Opting Out Of the PhD Bandwagon
Published online at Lab Times.
Just finished your studies and what then? There are several interesting avenues you can explore besides doing a PhD.
As a science grad student with the desire to pursue a scientific career, you automatically sign up for a PhD program. A few months into it and you fret about failures and are bogged down by the multitude of assignments and experiments in your “lab-life”. Graduate life no longer seems to interest you but you are yet clueless of what life holds for you with a Bachelor’s or a Master’s degree. Whether you have already tasted a ‘bitter’ PhD life or are on the verge of walking into the premises of a lab, knowing too well that you are not ready for it, here are a few career options that you may want to consider.
A sound knowledge of your field of science coupled with some excellent marketing skills can open portals for you in product development and sales. This goes even better if you have the gift of the gab and you could spin off as a successful dealer. Stephanie MacLean, a careers advisor at the University of Dundee, UK, says that graduate recruitment programs of GlaxoSmithKline and BAE Systems are good scaffolds to launch a career in the more ‘corporate’ aspects of science. In addition, small companies selling lab equipment recruit single degree holders in technical services that provide scientific support to customers, allowing their employees to stay close to science.
If you still want to work on your secret hypotheses but stay away from academics, you could always make use of the research opportunities provided by multi-nationals including Roche, Millipore and Siemens. Besides offering an appealing commercial environment, industry research often holds prospects for a permanent research contract unlike its academic counterpart.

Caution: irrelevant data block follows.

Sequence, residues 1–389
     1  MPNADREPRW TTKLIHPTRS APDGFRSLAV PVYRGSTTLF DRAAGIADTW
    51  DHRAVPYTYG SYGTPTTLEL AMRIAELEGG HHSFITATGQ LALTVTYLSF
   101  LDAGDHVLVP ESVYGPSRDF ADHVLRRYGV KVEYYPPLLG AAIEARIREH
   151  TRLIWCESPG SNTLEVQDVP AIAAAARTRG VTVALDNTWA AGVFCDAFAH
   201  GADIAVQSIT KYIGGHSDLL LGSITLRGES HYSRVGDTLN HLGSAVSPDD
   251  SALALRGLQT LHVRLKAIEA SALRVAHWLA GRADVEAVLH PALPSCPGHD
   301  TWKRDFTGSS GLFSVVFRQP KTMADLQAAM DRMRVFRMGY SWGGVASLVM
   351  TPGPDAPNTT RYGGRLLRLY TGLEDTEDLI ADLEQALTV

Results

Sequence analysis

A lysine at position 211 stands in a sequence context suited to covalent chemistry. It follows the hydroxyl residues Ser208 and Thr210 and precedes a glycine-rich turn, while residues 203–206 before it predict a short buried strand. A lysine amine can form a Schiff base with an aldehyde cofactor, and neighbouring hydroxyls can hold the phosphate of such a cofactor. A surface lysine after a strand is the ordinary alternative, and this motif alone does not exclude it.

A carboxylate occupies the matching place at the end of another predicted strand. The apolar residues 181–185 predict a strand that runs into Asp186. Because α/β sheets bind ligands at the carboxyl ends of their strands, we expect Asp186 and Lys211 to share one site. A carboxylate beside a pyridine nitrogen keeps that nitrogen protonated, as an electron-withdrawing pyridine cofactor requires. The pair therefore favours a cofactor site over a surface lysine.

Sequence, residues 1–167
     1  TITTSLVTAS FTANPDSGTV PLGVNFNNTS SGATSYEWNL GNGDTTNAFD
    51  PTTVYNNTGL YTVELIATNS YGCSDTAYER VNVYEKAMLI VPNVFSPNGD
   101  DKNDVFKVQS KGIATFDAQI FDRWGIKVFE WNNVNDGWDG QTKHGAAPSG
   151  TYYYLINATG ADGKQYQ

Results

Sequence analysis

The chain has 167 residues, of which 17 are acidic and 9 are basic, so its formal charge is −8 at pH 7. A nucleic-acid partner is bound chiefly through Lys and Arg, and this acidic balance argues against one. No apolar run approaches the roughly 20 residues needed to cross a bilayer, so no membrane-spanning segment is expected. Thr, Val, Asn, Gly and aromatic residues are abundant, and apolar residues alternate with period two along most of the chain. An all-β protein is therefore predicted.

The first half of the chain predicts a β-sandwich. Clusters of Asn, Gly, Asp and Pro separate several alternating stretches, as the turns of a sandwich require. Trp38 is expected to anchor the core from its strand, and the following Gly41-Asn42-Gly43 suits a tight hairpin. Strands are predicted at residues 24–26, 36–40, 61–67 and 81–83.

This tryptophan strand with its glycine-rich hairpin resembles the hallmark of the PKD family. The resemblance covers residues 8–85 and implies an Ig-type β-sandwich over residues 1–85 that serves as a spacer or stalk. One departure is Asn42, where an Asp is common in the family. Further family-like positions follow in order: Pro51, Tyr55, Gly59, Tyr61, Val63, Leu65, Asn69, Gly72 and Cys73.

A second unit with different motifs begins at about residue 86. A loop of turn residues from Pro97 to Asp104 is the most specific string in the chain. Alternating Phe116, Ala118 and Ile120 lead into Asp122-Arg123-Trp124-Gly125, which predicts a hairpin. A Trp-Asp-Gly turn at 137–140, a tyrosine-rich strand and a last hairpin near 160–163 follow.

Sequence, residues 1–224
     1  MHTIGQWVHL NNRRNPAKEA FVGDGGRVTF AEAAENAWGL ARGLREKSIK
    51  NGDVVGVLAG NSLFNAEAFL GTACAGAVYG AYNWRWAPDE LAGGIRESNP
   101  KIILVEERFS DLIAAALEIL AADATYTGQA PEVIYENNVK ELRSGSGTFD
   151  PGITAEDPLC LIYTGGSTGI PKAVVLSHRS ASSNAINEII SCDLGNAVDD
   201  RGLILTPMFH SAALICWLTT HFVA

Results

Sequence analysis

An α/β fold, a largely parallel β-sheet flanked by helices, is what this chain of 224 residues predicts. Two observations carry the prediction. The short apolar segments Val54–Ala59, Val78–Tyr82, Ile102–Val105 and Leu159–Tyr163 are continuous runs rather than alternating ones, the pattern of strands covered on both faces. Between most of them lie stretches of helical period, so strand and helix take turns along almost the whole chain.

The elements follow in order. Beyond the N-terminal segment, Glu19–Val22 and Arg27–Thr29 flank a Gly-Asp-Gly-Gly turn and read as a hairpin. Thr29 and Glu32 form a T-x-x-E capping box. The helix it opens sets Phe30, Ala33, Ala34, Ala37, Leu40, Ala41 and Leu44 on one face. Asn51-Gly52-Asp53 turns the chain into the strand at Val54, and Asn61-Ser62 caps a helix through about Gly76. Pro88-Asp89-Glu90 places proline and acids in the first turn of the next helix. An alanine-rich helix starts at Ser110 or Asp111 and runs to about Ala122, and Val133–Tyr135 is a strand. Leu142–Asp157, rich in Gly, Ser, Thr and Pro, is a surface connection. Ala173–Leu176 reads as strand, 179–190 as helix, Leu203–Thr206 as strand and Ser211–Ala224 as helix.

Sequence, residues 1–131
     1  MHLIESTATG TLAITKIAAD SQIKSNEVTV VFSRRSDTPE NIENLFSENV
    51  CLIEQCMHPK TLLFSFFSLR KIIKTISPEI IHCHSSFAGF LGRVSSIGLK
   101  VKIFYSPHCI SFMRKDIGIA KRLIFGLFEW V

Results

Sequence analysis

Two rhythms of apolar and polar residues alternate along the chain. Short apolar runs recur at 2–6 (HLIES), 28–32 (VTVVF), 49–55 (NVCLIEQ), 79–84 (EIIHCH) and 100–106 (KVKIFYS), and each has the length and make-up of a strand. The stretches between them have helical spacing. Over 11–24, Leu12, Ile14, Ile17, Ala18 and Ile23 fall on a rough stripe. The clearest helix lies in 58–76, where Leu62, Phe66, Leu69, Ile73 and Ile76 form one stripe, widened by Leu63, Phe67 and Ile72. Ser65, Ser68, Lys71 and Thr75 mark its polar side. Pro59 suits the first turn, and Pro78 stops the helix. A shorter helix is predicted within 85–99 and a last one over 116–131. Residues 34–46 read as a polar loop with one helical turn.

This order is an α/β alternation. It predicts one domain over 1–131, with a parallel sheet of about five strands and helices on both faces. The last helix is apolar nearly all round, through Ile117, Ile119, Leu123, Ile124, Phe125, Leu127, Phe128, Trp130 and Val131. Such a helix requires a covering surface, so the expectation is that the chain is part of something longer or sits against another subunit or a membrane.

Intellectual Property (IP) law is another direction, in which many science graduates turn. Though top private firms employ at PhD level, there are many that employ candidates with a first class honors degree in science, technology or engineering. IP-related careers pay off very well and allow one to keep in line with cutting edge research, while also helping you explore your abilities in lateral thinking and patent law. A major prerequisite here, Stephanie MacLean says, is an attractive CV. The law firms advertise only about 10 graduate vacancies per year and recruitment is highly competitive.
Yet another option for you, if you opt out of PhD, is to look for a clinical research associate position. You will be responsible for organizing and monitoring clinical trials and for keeping records. Though the position itself is offered to graduates with some experience, entry into the field as a clinical trial administrator or a clinical data co-ordinator can help you lead your way up.
If you discover the prolific writer within, there is always the choice of taking up editorials or going freelance to stay connected to science. Several soft-skills workshops organized by your university or the state will certainly help hone your analytical and writing skills.
To sum up, you can take the lead in science either with or without a PhD – the question is how wisely you tap your talents and find the best platform to invest your degree.
Photo: PhDs and part-time job by Quinn Dombrowski via Creative Commons License